ylshih
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re: Smartphone adoption opinion
ylshih   8/5/2010 2:30:01 AM
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Mobile content on a smartphone has been a great boon for me. But, smartphones can be a blessing or a curse and it depends on the owner and the expectations they set. Between voice, email, texting, twitter, et al, there is no excuse for being disconnected; so you have to be willing to turn off your phone or ignore it if you want any breaks or privacy and the senders have to accept that. If you don't and they don't, you've just put a ten thousand mile leash on yourself!

chanj0
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re: Smartphone adoption opinion
chanj0   8/4/2010 10:58:35 PM
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New display technology and new keyboard are going to come out to be part of the next revolutionized smartphone. How are they going to be? We will need to wait for the technology to come and the market to tell. Nonetheless as the communication technology evolves, I realize. "Advanced communication connects people who are distant from each other and disconnects people who are next to each other." What an irony!

wilber_xbox
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re: Smartphone adoption opinion
wilber_xbox   8/4/2010 6:10:20 PM
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Junko, the problem in India is not the cost of the smartphone but the cost and connectivity to 3G networks. i read a nice article about the speed and cost of mobile internet here http://blogs.wsj.com/indiarealtime/2010/08/04/india-journal-why-iseethe-at-iphone/ I remember that my parents bought a nice mobile (not smartphone), which can accept two sim at once. They bought it for Rs 3000 (about 50 Euros). I can not find such a phone in Europe at such a price! I think you can get a smartphone (compatible to 2G/3G) within 150 Euros in India.

wilber_xbox
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re: Smartphone adoption opinion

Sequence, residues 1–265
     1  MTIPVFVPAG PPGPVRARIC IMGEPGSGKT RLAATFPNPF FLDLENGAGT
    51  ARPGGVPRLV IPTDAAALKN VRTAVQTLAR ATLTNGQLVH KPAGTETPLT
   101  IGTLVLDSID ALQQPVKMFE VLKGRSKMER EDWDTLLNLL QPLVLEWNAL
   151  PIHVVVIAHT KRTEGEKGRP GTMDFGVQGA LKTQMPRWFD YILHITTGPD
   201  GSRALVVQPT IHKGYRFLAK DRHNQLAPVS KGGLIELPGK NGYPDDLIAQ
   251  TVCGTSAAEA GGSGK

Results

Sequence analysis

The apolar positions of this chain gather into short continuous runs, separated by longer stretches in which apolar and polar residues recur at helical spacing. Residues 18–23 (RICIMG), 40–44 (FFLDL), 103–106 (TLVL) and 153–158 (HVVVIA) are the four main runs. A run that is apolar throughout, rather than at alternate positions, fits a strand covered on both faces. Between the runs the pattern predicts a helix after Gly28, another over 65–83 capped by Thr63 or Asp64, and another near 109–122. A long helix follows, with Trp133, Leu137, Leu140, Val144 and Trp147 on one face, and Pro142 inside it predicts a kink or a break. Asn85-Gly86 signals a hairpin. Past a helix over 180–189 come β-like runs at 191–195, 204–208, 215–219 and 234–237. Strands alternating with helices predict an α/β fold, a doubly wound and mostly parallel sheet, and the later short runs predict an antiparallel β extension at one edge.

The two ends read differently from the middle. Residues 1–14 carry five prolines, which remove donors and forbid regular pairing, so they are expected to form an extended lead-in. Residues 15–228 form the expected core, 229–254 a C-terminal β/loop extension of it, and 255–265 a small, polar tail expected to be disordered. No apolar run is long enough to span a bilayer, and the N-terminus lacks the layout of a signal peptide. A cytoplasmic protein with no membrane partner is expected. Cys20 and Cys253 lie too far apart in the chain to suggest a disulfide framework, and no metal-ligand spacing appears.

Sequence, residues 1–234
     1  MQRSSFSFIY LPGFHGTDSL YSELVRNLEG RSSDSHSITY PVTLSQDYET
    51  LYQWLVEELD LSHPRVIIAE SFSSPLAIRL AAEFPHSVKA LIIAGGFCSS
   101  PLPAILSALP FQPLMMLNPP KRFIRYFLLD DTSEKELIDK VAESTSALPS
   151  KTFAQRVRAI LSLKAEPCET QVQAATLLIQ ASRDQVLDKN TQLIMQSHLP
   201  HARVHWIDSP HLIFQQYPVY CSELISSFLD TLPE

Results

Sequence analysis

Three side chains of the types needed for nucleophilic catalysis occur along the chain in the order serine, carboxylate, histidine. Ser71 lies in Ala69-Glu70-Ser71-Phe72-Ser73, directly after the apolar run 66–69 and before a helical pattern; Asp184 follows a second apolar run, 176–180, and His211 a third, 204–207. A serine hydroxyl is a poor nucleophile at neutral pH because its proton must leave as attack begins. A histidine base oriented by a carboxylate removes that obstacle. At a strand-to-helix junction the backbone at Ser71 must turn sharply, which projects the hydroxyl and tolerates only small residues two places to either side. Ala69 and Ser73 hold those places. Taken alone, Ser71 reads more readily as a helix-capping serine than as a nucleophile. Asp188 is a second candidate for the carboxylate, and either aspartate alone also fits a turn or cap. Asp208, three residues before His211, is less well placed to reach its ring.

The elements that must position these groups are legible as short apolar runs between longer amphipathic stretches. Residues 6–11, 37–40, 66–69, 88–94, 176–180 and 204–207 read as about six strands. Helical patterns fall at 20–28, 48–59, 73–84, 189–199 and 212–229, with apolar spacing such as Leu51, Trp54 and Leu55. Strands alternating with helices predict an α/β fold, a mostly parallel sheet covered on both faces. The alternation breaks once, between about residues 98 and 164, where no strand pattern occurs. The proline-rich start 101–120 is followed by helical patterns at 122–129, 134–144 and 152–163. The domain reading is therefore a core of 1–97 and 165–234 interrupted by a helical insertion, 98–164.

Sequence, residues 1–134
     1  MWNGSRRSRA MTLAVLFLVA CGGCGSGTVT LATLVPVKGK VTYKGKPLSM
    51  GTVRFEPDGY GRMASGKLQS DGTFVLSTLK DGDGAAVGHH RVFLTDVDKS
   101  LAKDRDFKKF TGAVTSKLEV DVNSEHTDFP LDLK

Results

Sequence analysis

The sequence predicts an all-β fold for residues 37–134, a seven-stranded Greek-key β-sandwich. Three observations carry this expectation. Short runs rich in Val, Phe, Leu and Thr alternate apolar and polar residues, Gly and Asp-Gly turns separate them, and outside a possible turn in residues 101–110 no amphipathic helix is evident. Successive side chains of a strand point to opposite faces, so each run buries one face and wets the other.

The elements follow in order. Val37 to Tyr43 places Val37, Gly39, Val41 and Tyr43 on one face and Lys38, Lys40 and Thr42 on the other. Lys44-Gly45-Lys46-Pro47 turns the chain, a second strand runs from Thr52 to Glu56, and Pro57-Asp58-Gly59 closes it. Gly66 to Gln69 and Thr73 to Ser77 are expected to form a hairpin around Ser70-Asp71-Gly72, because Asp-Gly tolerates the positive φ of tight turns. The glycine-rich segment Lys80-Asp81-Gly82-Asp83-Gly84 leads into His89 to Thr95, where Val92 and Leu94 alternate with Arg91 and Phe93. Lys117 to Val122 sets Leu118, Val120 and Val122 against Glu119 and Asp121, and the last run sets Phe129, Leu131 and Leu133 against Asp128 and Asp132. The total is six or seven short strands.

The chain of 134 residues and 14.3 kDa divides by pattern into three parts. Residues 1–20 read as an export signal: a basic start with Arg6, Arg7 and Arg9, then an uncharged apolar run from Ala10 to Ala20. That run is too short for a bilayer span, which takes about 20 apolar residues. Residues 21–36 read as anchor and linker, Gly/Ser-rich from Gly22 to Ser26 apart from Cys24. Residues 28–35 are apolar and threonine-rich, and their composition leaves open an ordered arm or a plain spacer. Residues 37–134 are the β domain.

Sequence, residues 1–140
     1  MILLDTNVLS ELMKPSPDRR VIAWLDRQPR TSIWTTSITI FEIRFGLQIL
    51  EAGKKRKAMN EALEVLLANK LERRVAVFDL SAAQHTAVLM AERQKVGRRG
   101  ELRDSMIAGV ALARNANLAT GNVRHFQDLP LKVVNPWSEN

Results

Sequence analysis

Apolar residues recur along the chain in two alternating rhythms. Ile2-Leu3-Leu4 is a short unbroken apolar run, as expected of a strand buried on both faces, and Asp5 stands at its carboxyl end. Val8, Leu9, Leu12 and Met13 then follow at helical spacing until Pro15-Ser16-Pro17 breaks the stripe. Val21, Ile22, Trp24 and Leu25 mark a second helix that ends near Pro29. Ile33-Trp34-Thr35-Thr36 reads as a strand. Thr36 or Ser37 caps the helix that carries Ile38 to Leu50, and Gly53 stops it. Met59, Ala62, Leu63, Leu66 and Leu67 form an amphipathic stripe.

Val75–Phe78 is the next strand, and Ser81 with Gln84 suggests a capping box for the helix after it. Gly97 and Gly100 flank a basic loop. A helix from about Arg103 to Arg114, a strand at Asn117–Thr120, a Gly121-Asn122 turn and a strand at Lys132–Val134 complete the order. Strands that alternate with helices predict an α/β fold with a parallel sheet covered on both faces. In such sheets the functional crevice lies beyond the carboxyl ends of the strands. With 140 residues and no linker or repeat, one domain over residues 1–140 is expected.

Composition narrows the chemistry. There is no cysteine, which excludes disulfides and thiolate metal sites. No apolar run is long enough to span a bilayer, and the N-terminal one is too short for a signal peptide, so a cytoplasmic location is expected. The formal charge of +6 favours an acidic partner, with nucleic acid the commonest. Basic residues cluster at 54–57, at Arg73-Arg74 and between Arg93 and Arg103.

wilber_xbox   8/4/2010 5:59:24 PM
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@KB3001 You are not alone to think this way. I have a samsung smartphone which i bought two year ago. I liked the power of being connected to others all the time but i started to loose my privacy. I am going back to the old mobile phones which i need just to call.

rick merritt
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re: Smartphone adoption opinion
rick merritt   8/4/2010 5:48:29 PM
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Dear KB3001: Laptops are the new desktops and desktops are the new mainframes. Eventually you will consider somnething that fits in your pocket your primary computer and communicator--but we need to solve this little problem of small mobile displays and "keyboards." Meanwhile, iPads are a fun diversion.

junko.yoshida
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re: Smartphone adoption opinion
junko.yoshida   8/4/2010 5:37:07 PM
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Thanks, Yalanand. Roughly, how much does a smart phone cost in India (in cojunction with the 3G network fee in US $) today? I am curious. Is the cost no longer an issue? Actually, in the case of Japan, the cost is a non-issue for Japanese consumers (they can afford it). The real problem is the service providers' unwillingness to embrace a truly open application world.